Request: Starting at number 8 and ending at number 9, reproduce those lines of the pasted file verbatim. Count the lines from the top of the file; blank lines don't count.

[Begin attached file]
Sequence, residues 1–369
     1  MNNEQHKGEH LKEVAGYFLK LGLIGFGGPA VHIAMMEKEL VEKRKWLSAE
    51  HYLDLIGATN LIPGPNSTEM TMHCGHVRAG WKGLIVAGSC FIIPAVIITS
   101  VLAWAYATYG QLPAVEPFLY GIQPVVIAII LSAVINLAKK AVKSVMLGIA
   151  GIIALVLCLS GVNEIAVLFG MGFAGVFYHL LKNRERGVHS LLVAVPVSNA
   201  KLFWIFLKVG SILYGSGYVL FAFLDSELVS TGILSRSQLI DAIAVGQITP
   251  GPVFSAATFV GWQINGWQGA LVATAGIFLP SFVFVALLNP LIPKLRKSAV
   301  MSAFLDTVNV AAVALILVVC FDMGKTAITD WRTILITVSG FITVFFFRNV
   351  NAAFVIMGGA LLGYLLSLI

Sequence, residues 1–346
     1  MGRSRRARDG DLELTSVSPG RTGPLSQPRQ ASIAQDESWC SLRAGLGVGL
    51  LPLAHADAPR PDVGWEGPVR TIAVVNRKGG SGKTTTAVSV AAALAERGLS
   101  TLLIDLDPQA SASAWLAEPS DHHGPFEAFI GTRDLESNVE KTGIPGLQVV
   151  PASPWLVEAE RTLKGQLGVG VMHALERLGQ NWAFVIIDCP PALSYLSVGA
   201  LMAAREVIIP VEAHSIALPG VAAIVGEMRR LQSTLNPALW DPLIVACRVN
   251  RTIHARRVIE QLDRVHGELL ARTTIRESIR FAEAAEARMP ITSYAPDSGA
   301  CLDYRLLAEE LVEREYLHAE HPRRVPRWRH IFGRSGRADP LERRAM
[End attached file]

   301  MSAFLDTVNV AAVALILVVC FDMGKTAITD WRTILITVSG FITVFFFRNV
   351  NAAFVIMGGA LLGYLLSLI